Why is being broken looked down on? Why, when we don’t appear to have it all together, are we assumed to be on a downward spiral to destruction? Why is being in a place of emptiness a bad thing? This is something that has really been on my mind lately.
Without diving too deep in to my youngest brother’s personal life, I’d like to tell a little story about him. It’s been over a year now, maybe close to two, that he walked through a devastating time. He faced heart ache like he hadn’t known before. I remember hurting for him, he’s my baby brother, after all, and I wanted to take his pain away. But regardless of what I said to him, my words weren’t going to heal his heart or make his days more bearable. I remember he’d come home from work or school and he’d go straight to his room. I’d hear his music come on, always praise and worship of some sort, and I’d hear him begin to just cry. He was so broken. And I was sad for him. I didn’t realize at the time that his brokenness was exactly where he needed to be. While he was hurting, being broken led him straight to the foot of the cross, right in to the arms of Christ. And it was there that he found healing for his heart and that brokenness encouraged a dependency on Christ that he may not have realized he needed had he not been broken. I remember him studying the Bible and finding verses that encouraged him to continue seeking Christ. He kept a journal that he could refer to when he was feeling down. And after some time, I began to see a different person. I began to see a person that had developed “muscles” he didn’t know he had. I saw a new person emerge from his brokenness as a whole man and his heart had been transformed. And little did I know that the road I was on was leading me straight to the very place he’d been.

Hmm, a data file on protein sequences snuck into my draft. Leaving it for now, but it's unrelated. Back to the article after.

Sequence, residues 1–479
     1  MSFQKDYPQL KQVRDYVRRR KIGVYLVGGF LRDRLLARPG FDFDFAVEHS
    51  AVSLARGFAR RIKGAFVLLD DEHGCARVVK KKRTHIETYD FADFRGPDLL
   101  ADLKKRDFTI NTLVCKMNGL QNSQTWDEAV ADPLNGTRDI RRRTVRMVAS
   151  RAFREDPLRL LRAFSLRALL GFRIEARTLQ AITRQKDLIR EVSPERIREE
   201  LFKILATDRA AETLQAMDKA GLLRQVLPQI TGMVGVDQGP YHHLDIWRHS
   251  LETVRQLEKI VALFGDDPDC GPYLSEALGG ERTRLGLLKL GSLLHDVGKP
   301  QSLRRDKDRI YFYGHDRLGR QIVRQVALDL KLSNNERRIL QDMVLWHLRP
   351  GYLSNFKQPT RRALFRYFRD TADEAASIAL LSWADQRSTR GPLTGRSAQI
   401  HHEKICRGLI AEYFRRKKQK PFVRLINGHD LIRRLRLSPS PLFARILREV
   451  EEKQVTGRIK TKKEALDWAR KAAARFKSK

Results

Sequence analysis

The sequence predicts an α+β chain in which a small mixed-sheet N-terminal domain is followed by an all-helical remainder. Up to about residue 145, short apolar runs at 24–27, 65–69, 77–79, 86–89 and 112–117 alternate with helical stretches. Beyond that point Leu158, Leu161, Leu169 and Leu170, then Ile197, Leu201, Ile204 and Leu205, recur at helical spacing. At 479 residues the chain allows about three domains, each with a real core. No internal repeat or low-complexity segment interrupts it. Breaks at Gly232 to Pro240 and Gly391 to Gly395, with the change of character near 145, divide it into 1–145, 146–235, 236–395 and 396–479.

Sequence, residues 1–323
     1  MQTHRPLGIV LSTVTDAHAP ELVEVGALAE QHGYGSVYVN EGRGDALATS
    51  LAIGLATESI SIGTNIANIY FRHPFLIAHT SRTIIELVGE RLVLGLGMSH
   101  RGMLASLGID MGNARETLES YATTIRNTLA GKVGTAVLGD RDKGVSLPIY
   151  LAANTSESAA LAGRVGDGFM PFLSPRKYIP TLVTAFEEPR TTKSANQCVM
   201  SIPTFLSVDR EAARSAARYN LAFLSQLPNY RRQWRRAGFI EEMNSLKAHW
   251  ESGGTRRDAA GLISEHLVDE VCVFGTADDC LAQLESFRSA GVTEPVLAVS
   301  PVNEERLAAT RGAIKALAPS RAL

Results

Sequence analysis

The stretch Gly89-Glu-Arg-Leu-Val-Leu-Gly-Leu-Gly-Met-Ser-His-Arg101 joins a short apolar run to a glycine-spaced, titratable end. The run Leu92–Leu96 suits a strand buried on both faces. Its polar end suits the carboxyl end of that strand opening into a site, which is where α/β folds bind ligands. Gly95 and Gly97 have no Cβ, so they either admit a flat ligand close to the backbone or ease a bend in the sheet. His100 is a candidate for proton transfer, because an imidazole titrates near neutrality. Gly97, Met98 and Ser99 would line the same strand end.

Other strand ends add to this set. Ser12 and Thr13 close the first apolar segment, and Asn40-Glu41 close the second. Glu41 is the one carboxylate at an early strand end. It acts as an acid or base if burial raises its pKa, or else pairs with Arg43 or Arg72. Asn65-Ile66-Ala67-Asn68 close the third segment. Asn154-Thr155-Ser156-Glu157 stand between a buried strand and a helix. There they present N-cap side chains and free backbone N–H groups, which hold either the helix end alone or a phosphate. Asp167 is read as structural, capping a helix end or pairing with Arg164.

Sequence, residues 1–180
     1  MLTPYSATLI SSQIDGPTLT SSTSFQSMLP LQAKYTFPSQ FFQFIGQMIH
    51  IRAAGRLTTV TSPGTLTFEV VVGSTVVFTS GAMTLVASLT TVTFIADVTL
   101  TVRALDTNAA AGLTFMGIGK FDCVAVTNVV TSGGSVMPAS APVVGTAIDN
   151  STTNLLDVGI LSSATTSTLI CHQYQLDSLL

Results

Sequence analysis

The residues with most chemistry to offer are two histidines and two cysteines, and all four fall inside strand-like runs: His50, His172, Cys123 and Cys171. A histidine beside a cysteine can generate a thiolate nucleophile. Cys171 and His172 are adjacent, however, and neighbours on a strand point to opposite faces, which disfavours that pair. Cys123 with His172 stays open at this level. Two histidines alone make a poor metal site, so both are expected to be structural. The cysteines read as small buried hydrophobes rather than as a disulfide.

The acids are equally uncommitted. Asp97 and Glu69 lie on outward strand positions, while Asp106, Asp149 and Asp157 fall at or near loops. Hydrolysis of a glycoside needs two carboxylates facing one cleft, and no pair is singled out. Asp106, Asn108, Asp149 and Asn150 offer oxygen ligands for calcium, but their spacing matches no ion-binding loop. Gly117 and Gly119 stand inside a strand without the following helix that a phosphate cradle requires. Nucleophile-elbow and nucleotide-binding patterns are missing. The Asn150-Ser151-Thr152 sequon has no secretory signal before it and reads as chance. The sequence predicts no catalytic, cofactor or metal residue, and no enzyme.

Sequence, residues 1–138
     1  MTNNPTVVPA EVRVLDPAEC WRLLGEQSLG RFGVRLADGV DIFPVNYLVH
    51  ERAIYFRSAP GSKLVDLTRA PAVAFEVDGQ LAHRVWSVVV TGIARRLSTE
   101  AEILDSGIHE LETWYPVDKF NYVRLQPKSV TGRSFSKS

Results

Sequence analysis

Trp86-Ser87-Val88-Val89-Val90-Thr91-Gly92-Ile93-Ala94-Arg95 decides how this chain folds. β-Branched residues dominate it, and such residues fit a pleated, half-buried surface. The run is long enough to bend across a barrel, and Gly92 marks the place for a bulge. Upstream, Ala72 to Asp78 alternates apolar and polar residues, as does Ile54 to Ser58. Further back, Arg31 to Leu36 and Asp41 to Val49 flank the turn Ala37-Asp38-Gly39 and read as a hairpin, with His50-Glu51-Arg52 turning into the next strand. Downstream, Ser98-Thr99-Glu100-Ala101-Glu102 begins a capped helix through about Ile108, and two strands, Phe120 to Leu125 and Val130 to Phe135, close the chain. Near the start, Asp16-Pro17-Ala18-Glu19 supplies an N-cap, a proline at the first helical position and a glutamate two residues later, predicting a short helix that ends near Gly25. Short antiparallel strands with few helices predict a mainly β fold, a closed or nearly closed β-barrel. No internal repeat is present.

One thing is for sure, I have the best brothers. God blessed me! Last summer, my youngest brother came by the house and handed me an envelope and told me to read what was inside later. So, to be honest, I kind of forgot about it for a few days but then saw it laying on my night stand one night and thought I better see what he had given me. When I opened it, I found all those verses that he had written down for himself the year before. All those prayers that he had prayed in his brokenness, he had given to me.
Today is January 14, 2013, and I have never felt so broken, so empty, so ready. I hesitate to write these words because I feel like “broken” or “empty” have such negative connotations. But think about it. If I had it all together, I wouldn’t need Christ. If I was full, I wouldn’t need to be filled with the love of my savior. If I had reached my full potential, I’d have no room to grow. Instead, my prayer the past few days has been for Christ to come in daily and to break me, to empty me of myself, and to rebuild me, fill me up with Him. I can now see my brokenness as a call from God, beckoning me to spend time with Him. It’s really okay to feel this way. I think when we get to a place of feeling like we do have it all together, we have probably become complacent or content and that’s a scary place to be.
Some days I feel like a fragile vase made of glass that has been tossed to the floor, shattered in a million pieces, all its contents spilled on the ground. And I’m okay with that because it means that I’m in the perfect position to be rebuilt and filled up again. A chance to start over. A chance to be made new, to become better. So instead of becoming discouraged in this time of rebuilding, I choose to thank God for where He has me and to trust Him that the finished product is going to be something beyond what I ever imagined for my life. Being broken doesn’t mean I’m sad or down in the dumps. It simply means I’ve allowed God to come in and change me and make me new. He’s turning my ashes in to beauty.
Thanks, little brother, for leading the way and choosing to trust God during that time of your life and being an example that I can follow. I love you so much.